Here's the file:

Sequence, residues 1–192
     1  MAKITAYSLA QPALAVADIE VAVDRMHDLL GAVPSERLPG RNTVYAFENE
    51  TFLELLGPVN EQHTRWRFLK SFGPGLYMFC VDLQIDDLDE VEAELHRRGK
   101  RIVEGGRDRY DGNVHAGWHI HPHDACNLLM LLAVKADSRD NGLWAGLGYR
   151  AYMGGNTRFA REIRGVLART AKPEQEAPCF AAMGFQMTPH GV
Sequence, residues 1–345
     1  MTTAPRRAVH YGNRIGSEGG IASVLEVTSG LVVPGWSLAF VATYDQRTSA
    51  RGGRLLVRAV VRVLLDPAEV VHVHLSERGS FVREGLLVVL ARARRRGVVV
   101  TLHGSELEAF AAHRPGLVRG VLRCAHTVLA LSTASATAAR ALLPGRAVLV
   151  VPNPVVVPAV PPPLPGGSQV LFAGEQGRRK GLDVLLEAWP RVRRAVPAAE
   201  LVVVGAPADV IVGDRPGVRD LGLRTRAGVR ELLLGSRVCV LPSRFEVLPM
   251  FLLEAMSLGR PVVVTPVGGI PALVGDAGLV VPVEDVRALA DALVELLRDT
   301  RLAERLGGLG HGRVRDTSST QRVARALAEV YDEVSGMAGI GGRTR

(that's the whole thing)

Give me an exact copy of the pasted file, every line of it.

Sequence, residues 1–192
     1  MAKITAYSLA QPALAVADIE VAVDRMHDLL GAVPSERLPG RNTVYAFENE
    51  TFLELLGPVN EQHTRWRFLK SFGPGLYMFC VDLQIDDLDE VEAELHRRGK
   101  RIVEGGRDRY DGNVHAGWHI HPHDACNLLM LLAVKADSRD NGLWAGLGYR
   151  AYMGGNTRFA REIRGVLART AKPEQEAPCF AAMGFQMTPH GV
Sequence, residues 1–345
     1  MTTAPRRAVH YGNRIGSEGG IASVLEVTSG LVVPGWSLAF VATYDQRTSA
    51  RGGRLLVRAV VRVLLDPAEV VHVHLSERGS FVREGLLVVL ARARRRGVVV
   101  TLHGSELEAF AAHRPGLVRG VLRCAHTVLA LSTASATAAR ALLPGRAVLV
   151  VPNPVVVPAV PPPLPGGSQV LFAGEQGRRK GLDVLLEAWP RVRRAVPAAE
   201  LVVVGAPADV IVGDRPGVRD LGLRTRAGVR ELLLGSRVCV LPSRFEVLPM
   251  FLLEAMSLGR PVVVTPVGGI PALVGDAGLV VPVEDVRALA DALVELLRDT
   301  RLAERLGGLG HGRVRDTSST QRVARALAEV YDEVSGMAGI GGRTR